Fodor's Expert Review Asklepieion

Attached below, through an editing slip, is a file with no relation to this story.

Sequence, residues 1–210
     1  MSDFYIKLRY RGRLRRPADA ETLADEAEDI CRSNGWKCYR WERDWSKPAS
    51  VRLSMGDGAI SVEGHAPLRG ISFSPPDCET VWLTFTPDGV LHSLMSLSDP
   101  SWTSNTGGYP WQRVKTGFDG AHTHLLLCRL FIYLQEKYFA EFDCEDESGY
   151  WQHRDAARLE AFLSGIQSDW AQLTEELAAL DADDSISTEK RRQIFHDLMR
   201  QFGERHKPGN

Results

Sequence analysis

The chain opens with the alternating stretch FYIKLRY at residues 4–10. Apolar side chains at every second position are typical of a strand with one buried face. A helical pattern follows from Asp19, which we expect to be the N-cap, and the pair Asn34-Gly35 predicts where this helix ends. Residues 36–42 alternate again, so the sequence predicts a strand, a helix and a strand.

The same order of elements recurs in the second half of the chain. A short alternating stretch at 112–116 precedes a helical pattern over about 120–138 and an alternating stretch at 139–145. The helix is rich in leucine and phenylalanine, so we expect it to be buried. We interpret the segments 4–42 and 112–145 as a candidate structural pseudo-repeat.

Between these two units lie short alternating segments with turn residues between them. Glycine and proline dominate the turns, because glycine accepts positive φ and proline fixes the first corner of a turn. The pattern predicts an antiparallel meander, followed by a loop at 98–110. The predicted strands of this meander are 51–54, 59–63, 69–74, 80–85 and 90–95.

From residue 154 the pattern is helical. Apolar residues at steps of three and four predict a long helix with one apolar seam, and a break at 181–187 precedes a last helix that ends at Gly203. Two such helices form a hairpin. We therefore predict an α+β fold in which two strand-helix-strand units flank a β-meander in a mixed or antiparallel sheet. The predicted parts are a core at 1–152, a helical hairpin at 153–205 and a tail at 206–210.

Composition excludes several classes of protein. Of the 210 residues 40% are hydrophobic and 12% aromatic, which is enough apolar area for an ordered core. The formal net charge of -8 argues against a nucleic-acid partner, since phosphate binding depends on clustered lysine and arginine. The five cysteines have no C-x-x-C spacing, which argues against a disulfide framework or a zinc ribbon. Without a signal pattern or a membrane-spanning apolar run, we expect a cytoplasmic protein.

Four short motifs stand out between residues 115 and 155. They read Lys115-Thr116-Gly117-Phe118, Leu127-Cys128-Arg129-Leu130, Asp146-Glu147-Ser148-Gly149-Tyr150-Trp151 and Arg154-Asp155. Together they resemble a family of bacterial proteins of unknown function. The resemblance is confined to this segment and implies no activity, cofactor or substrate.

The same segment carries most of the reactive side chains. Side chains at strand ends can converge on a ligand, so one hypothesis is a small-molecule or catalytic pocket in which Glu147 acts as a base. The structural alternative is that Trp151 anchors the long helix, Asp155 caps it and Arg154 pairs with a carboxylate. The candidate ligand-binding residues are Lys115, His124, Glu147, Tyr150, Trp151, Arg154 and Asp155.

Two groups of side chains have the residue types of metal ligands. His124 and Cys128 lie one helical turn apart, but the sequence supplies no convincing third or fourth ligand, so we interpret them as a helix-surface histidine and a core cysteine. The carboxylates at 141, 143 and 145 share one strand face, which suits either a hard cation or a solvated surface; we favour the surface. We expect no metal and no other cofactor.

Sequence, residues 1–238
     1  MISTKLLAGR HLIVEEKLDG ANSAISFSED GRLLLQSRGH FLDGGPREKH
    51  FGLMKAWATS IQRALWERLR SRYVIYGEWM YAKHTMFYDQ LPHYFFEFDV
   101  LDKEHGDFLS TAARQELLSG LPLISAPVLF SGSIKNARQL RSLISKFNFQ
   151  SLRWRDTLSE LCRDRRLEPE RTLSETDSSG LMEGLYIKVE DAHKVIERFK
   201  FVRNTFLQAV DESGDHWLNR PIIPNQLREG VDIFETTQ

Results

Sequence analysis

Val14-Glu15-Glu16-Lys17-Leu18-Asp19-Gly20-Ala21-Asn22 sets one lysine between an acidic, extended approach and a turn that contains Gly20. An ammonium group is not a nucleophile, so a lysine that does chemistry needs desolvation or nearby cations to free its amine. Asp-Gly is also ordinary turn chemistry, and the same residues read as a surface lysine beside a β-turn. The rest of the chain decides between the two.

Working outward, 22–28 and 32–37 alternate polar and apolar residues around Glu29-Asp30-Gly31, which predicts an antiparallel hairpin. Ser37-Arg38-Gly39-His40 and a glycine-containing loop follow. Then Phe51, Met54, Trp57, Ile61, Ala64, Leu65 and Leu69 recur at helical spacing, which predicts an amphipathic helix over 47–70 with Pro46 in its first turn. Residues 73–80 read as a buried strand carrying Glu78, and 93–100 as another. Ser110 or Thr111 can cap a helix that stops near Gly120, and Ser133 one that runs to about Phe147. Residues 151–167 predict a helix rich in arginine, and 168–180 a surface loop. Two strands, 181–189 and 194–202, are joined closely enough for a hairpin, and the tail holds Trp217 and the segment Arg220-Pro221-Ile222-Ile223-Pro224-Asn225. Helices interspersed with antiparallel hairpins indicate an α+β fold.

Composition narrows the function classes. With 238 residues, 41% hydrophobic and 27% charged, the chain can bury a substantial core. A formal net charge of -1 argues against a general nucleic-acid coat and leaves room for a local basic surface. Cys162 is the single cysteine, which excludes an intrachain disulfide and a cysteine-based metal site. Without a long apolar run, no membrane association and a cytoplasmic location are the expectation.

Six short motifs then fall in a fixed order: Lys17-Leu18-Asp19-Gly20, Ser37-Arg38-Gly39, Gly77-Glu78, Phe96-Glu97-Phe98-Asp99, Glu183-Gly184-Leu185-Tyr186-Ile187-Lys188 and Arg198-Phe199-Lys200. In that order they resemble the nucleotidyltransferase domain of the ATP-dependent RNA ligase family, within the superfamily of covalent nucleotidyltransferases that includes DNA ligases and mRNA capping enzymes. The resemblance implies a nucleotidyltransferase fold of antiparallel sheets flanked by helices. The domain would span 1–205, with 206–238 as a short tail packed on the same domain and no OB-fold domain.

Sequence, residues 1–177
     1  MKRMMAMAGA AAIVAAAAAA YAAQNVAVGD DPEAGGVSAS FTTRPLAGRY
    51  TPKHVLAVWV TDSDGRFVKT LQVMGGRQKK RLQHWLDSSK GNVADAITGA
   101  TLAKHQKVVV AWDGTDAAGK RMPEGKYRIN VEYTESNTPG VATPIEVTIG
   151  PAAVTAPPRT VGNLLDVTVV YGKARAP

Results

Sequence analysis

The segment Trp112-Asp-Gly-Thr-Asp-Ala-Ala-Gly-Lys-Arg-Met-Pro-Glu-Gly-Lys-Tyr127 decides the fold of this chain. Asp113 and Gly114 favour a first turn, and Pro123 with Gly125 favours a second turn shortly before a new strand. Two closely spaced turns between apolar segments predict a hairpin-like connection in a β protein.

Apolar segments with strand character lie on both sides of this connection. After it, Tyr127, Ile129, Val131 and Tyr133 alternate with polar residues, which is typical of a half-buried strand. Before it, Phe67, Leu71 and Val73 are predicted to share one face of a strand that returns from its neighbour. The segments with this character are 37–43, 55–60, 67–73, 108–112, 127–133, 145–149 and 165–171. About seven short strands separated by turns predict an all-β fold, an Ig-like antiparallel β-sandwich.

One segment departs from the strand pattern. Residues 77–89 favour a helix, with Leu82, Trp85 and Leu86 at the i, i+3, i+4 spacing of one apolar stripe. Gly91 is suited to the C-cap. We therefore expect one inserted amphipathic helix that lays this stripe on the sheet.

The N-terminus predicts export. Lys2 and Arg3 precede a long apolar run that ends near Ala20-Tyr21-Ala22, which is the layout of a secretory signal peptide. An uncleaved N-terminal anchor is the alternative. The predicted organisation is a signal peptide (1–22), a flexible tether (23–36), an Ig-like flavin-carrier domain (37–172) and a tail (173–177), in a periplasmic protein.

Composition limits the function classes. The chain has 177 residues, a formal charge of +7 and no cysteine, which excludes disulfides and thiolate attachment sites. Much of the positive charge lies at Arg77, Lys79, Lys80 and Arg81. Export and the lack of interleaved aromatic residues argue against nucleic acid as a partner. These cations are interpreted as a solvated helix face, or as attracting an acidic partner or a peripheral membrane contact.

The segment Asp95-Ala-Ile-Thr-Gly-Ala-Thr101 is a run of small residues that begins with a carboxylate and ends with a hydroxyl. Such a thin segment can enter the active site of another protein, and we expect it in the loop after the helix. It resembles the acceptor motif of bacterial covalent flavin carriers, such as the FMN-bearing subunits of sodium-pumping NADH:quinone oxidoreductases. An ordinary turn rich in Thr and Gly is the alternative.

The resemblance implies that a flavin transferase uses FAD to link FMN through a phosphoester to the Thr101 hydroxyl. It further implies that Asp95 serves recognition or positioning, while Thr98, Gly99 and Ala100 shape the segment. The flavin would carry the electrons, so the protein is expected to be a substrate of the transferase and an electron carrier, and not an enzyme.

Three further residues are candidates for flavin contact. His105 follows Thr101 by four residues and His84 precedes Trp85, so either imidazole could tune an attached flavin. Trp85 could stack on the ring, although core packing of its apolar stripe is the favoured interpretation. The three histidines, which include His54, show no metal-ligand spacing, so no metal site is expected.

Hippocrates began to teach the art of healing on Kos in the 5th century BC, attracting health seekers to the island almost up to the time of his death, allegedly at age 103, in 357 BC. This elaborate, multitiered complex dedicated to the god of medicine, Asklepios, was begun shortly after Hippocrates's death and flourished until the decline of the Roman Empire as the most renowned medical facility in the Western world. The lower terrace probably held the Asklepieion Festivals, famed drama and dance contests held in honor of the god of healing. On the middle terrace is an Ionic temple, once decorated with works by the legendary 4th-century BC painter Apelles, including his renowned depiction of Aphrodite (much celebrated in antiquity, it was said the artist used a mistress of Alexander the Great as a model). On the uppermost terrace is the Doric Temple of Asklepios, once surrounded by colonnaded porticoes.